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A bitmap is a mapped array of pixels that can be saved as a file.
Both JPEG and GIF are bitmap graphic formats. Currently, the only other way to store an image is as a vector graphic. You can’t easily scale bitmap images, but you can control every single pixel and thus achieve many effects impossible in vector graphics. Conversely, vector formats offer advantages of scalability and lower bandwidth requirements. When you compress a bitmapped image, you suck out some of the visual information.
To bypass this, the portable network graphics format (or PNG, pronounced “ping”) was designed to store a single bitmap image for transmittal over computer networks without losing this data.
CPM, or cost per thousand impressions, is the marketing world’s metric for judging the merits of different media buys.
Offline, CPM is calculated by taking the total cost of a given ad buy, dividing it by the total estimated viewership of a given advertisement, and multiplying the total by 1000. Here’s an example: You buy a magazine ad for US $5,000. The magazine’s subscriber base is 50,000. Therefore, the CPM will be ($5,000/50,000) x 1,000, or $100.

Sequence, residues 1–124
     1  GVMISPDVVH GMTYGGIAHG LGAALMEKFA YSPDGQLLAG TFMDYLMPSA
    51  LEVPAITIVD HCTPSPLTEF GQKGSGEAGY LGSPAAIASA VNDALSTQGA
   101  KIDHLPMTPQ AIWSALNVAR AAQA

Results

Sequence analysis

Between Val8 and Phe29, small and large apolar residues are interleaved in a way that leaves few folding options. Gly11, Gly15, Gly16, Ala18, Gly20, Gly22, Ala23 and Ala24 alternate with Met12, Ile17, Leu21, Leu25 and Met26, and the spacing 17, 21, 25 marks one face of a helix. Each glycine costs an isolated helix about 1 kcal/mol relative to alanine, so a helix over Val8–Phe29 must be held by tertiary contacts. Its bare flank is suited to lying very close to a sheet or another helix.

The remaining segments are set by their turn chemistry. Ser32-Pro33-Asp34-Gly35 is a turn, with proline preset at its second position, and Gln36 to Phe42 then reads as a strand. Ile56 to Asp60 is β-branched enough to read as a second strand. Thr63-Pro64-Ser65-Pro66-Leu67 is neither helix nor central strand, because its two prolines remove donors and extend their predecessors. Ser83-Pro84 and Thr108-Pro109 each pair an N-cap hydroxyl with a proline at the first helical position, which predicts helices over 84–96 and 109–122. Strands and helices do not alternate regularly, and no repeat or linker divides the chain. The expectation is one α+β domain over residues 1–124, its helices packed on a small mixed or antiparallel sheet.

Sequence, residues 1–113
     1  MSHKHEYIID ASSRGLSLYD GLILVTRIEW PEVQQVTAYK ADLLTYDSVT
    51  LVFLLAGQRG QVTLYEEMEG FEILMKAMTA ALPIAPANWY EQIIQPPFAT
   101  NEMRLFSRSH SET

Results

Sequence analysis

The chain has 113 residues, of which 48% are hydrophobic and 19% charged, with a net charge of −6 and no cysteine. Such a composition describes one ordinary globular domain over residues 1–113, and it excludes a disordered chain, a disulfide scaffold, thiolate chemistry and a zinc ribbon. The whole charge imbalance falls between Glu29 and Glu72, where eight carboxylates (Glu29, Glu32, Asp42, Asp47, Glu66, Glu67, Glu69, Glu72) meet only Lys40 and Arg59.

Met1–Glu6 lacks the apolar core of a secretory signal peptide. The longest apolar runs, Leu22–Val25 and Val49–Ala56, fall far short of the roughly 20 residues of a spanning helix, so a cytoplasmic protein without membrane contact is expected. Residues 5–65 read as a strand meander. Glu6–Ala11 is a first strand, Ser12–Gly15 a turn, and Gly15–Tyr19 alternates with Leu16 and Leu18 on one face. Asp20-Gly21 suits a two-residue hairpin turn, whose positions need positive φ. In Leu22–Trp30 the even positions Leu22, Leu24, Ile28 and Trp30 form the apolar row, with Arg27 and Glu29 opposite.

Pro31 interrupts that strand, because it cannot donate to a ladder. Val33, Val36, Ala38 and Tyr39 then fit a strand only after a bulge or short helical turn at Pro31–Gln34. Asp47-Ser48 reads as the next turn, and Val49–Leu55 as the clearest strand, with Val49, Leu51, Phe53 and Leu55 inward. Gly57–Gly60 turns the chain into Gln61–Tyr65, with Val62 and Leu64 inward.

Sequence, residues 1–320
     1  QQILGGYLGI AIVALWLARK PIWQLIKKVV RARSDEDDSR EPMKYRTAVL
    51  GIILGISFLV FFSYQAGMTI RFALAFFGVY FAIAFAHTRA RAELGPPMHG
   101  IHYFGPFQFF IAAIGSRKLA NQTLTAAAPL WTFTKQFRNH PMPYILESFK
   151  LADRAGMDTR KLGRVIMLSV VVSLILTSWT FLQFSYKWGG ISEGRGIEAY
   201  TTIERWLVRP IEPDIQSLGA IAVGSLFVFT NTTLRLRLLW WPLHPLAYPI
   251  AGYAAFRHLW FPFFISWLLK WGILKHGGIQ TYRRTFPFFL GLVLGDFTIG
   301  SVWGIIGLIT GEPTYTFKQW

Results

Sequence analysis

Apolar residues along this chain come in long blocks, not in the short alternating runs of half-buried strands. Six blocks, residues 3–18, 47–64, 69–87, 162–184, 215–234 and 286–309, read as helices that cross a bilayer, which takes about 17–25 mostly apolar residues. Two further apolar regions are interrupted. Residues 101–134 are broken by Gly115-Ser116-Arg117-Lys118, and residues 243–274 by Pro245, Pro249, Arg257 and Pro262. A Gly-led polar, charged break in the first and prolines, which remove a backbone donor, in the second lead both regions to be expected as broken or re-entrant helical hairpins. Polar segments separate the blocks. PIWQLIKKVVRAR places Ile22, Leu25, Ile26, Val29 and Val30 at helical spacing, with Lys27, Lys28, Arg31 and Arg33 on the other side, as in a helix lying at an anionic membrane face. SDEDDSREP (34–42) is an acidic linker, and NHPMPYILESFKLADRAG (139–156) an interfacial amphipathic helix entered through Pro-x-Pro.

On the Web, CPM is a little different. Since it’s so difficult to accurately determine the total number of visitors to a website, the CPM is calculated using the number of actual ads served. The distinction is subtle, but critically important: in the offline world, marketers simply guess how many times an ad is seen, whereas on the Web, we know.
These are the types of media you can include in an HTML page, such as audio files, flash or GIF animations.
The conversation between browsers and servers takes place according to the hypertext transfer protocol, or HTTP.
Written by Tim Berners-Lee, it was first implemented on the web in 1991 as HTTP 0.9. Currently, web browsers and servers support version 1.1 of HTTP. It supports persistent connections, meaning that once a browser connects to a web server, it can receive multiple files through the same connection.